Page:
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Sea Cows


You already know my affinity for Vinoy Park.  About the only discernible landmark when you gaze across the Bay is the power plant and its smokestacks spewing clouds of whatever EPA-mandated clean stuff it spews.  I have been waiting for ages to use the word "spew" and now I have used it twice in one sentence.  Good for me.  


From the St. Pete side the power plant looks like this:  it is clear to the left and if you look closely you can see the smoke billowing out of the stacks.  This is Tampa Electric's Big Bend Power Station, at Apollo Beach.   
  



Warm water from the station is dumped into the Bay here and manatees, or sea cows have been using it to keep warm in the cool winter water of the Bay.  In 1986, Tampa Electric built an observation area and walkway in the vicinity so that people can come to see the manatees.  As excitement goes, manatees aren't really a bowl of laughs.  They don't do tricks and they don't do amazing manatee things. They just float.  But down here that passes for family entertainment so, "When In Rome…" 




This is how the plant looks up close and in full billow.  



This, then, is the site 100's of us have come to see this cloudy Saturday morning (Jan. 4).  The parking is difficult - cars, trucks and motorcycles are lined all along the road and the  site parking is full with cars slowly scavenging in circles waiting for someone to leave.  We lucked out, found something in the parking lot next to the exit.  But, my Lord, the crowd gives me cold fuzzies.  Isn't there anything this throng can come up with other than seeing lumbering backs of manatees wallowing in water?  



You arrive at the observation deck and this is basically what you see.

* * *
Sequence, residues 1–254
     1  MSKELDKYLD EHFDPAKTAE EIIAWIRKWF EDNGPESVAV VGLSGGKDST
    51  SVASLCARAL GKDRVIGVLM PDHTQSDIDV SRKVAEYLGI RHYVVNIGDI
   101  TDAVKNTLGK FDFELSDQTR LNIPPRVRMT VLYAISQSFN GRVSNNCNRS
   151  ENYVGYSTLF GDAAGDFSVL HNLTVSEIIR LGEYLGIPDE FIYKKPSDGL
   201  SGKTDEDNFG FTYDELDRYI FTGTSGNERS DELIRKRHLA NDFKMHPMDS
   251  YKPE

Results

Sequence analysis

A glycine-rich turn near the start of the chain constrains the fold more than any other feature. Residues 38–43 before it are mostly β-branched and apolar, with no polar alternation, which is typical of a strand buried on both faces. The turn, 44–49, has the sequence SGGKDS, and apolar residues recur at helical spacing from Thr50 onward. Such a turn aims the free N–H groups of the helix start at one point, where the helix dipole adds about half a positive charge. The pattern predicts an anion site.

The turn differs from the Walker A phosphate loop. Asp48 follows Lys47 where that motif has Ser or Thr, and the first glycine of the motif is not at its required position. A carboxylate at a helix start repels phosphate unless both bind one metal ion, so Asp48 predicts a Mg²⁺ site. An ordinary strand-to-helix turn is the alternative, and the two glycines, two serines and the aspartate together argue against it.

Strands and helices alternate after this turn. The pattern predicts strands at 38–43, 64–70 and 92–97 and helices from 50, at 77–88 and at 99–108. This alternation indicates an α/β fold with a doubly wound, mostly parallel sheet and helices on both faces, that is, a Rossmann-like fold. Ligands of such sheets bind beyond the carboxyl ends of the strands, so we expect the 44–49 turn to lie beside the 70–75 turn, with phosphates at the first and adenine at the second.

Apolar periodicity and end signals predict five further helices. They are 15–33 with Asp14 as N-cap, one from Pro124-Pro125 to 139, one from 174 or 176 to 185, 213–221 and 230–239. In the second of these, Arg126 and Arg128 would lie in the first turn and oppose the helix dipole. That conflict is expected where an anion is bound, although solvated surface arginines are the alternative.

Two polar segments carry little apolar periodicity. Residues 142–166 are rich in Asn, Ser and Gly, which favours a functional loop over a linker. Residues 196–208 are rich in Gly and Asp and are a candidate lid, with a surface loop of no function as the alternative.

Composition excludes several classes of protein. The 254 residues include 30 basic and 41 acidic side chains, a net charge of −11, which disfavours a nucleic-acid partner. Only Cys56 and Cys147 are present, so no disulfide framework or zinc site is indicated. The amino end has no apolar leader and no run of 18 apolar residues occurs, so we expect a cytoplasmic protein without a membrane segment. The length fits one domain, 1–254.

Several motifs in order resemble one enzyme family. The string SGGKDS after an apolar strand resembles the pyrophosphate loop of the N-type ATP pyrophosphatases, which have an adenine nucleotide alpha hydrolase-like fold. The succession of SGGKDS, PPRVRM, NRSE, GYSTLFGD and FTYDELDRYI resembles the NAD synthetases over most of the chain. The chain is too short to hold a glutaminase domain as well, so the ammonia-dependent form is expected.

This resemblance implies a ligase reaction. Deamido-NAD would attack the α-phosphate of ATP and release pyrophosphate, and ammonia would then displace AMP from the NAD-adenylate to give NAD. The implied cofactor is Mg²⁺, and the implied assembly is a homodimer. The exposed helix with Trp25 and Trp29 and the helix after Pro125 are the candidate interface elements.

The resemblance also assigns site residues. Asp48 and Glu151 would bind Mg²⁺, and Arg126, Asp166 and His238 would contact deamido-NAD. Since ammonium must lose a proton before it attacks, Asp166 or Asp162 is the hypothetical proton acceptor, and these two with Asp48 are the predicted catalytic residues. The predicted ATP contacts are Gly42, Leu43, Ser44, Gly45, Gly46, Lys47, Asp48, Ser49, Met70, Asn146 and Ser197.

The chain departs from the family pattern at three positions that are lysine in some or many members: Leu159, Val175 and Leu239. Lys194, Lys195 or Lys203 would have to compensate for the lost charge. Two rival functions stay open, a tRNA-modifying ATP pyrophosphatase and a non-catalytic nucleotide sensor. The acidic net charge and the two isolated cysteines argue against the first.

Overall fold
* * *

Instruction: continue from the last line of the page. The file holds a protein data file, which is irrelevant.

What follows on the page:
And this.  


And this.  


You get the idea.



I suppose for environmentalists, marine mammal biologists, kids and liberals this would be an awesome site.  Frankly I thought it was a bit of a bore, but man, they sure pack them in.  I mean the place was so crowded I really got a touch of agoraphobia, demo-phobia, enochlophobia, and ochlophobia.  By the way, those are all recognized phobias relating to the fear of crowds.  I don't know if I had all of them but I'm sure I had a touch of at least one. 

I don't mean to be tough on the poor lumbering manatees.  They are marvelous creatures who add to the diversity of aquatic life.  And I didn't really think they'd put on a Rockettes type show like at Sea World, but navigating the crazy traffic and dodging all the people, it would have been nice to have a better payoff.  



A steam punks wet dream.  An old rusting generation of power spitting clouds of supposedly non-toxic waste.  Wow. 




A sea cow coming up for air.


A sea cow flipping its flapper.


This is one of the walkways through a mangrove.  



A blue heron walking by looking for morsels.  



Saw quite a few fish jumping out of the water.  Not sure what they were but perhaps mullet.  



Mullet is big down here and you can see trucks parked along the side of the road selling it from their morning catch.  



Never had it, but might try it if given the chance.  Saw a few sand sharks swimming around, too.



This is a sign that was posted showing the various fish in and around the waters at the plant.

The following YouTube film is NOT mine.  It is one I found but shows you what things look like here on a good day.  Apparently today was not a good day.  Maybe later in the season.



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